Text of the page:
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Some Citrix Systems channel partners are grumbling about what they perceive to be an alarming drift by the vendor toward direct sales relationships in Fortune 1000 accounts.
Their angst stems from Citrix's "High Touch" program, which launched in January and saw Citrix take the lead on sales to more than 1,100 enterprise accounts, including some belonging to partners. At the time, Citrix explained that many large customers were seeking a direct relationship, but said partners could apply to be "invited" into High Touch accounts and continue to participate in deals.
In the intervening months, though, Citrix's High Touch program has quietly expanded in scope to include some midmarket accounts, several sources told CRN recently. As a result, partners are missing out on renewals and maintenance money despite having done the considerable legwork involved in bringing in customers.
"We are seeing accounts being designated High Touch that we had not even imagined being considered as candidates," said one Citrix partner, who requested anonymity. "We had a couple of high midmarket customers that were getting ready to make very large healthcare IT purchases, involving millions of dollars in licensing, that suddenly were added to the High Touch list."
"We're doing work without compensation," another longtime Citrix partner told CRN, speaking on condition of anonymity.
In an email interview Tuesday, Mike Fouts, senior director of Americas channels and field operations at Citrix, said the High Touch program launched with 1,108 accounts in the U.S., Canada and Latin America. In July, Citrix whittled down the program to 842 accounts after deciding that certain customers would be better led by partners.
High Touch accounts are typically larger than 10,000 employees and 5,000 desktops in size, Fouts told CRN, adding that Citrix also takes into account the size of the opportunity when deciding whether to designate an account as part of the program.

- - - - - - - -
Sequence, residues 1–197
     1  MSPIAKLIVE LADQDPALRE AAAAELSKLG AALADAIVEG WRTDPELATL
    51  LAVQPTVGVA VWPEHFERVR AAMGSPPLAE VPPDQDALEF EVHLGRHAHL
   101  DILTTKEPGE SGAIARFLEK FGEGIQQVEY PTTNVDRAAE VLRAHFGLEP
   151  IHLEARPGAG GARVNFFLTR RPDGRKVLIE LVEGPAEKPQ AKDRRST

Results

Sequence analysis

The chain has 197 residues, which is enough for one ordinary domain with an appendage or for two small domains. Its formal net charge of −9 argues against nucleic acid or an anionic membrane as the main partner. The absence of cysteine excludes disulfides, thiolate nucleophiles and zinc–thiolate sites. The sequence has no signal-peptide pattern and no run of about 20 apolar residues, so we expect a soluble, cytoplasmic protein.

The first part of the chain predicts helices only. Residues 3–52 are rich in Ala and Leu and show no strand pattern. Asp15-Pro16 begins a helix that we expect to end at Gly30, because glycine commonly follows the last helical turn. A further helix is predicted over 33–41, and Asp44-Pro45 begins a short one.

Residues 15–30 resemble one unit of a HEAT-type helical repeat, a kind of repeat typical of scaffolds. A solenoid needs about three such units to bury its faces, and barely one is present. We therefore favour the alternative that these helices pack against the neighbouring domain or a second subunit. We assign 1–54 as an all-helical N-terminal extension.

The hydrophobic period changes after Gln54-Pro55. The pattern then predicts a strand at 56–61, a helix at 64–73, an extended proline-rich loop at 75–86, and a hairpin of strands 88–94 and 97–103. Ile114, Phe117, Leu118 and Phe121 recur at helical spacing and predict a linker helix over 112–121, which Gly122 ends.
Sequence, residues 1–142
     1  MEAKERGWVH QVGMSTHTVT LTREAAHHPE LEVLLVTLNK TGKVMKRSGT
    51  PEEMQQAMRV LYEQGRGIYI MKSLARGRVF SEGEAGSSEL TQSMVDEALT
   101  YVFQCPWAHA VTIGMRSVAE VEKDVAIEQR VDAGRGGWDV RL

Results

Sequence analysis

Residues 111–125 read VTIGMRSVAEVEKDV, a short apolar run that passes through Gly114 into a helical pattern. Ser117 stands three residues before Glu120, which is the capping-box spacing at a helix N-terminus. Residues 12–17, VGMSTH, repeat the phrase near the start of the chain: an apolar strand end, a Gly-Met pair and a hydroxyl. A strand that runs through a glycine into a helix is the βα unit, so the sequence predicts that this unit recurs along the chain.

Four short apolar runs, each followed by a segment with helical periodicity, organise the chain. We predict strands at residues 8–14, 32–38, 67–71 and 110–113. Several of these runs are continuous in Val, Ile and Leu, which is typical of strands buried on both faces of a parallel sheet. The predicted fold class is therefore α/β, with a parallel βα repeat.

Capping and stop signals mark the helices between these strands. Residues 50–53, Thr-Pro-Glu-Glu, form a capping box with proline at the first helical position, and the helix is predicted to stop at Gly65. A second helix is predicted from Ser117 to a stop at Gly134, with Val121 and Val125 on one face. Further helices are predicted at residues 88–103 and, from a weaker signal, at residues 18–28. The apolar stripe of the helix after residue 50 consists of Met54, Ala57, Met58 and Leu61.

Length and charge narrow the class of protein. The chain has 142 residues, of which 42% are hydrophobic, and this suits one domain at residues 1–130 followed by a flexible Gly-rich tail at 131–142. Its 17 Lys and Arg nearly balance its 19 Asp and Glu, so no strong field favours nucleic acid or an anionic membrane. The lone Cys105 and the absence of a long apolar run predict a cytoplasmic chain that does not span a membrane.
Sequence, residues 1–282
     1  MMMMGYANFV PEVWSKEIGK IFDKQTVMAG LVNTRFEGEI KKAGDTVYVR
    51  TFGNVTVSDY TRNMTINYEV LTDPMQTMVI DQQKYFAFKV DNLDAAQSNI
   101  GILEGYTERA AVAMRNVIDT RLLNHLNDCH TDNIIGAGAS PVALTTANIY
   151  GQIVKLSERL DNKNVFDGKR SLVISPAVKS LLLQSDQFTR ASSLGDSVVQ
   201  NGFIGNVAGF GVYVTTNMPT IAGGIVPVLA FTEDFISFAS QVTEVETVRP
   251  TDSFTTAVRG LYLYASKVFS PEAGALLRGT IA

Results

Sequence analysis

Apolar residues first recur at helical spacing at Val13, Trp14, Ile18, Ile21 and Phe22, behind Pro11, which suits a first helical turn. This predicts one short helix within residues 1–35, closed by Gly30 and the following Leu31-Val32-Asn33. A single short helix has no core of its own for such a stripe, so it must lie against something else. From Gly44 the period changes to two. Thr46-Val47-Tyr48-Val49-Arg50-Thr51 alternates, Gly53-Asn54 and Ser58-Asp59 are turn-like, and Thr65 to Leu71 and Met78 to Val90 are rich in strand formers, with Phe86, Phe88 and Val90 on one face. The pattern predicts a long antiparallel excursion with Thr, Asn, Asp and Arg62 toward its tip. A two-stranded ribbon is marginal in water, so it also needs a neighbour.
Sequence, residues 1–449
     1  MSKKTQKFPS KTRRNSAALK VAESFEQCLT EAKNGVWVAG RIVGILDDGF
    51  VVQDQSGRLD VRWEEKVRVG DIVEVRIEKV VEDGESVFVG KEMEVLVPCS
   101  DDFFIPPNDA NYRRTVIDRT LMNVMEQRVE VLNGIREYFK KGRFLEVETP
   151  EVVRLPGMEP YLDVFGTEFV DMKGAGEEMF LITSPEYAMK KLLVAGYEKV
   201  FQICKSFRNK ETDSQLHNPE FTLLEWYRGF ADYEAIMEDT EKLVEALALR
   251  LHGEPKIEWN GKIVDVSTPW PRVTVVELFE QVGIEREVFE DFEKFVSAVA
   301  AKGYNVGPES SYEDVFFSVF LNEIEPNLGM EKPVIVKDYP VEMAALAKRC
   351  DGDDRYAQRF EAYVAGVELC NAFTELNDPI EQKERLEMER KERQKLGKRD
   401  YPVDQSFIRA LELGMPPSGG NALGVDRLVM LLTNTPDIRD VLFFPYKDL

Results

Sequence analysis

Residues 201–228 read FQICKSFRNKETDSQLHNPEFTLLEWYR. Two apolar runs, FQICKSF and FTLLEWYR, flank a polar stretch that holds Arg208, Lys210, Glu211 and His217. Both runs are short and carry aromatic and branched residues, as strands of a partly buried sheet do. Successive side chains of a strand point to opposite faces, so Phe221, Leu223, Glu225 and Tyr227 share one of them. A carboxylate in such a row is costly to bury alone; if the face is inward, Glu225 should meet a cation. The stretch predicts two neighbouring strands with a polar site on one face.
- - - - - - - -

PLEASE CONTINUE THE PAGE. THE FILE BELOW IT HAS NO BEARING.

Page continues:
In addition to an invitation from Citrix, partners seeking access to High Touch accounts must also be included in a Citrix-developed account plan to be eligible for back-end payments, known as Citrix Advisory Rewards, or CAR. Partners that don't meet these criteria can still sell Citrix products and services to High Touch accounts, but they don't have nearly as much financial incentive to do so.
"When you're not invited to be the reseller of record, you are not qualified to earn the registration. While this doesn't preclude you from selling products, you have no advantage and very narrow margins, unless the Citrix sales team is willing to make a one-off exception," Scott Miller, director of cloud and virtualization at World Wide Technology, a Maryland Heights, Mo.-based solution provider, told CRN.
Large commercial and service provider clients will account for about 80 percent of the roughly $5 billion in top-line revenue that World Wide Technology expects to bring in this year, according to Miller. As a result of the High Touch program, WWT's Citrix sales funnel is down 38 percent year over year in these portions of its business, Miller said.
"Citrix's unwillingness to partner in the large enterprise accounts that we sell to has caused this decline," Miller said.
Citrix has invited WWT into federal accounts, which comprise the remaining 20 percent of WWT's business, and this joint activity has led to a 341 percent increase in registered approved deals and revenue, Miller noted.
"This increase would only be possible if we were truly bringing value to both our clients and our Citrix sales team," he told CRN.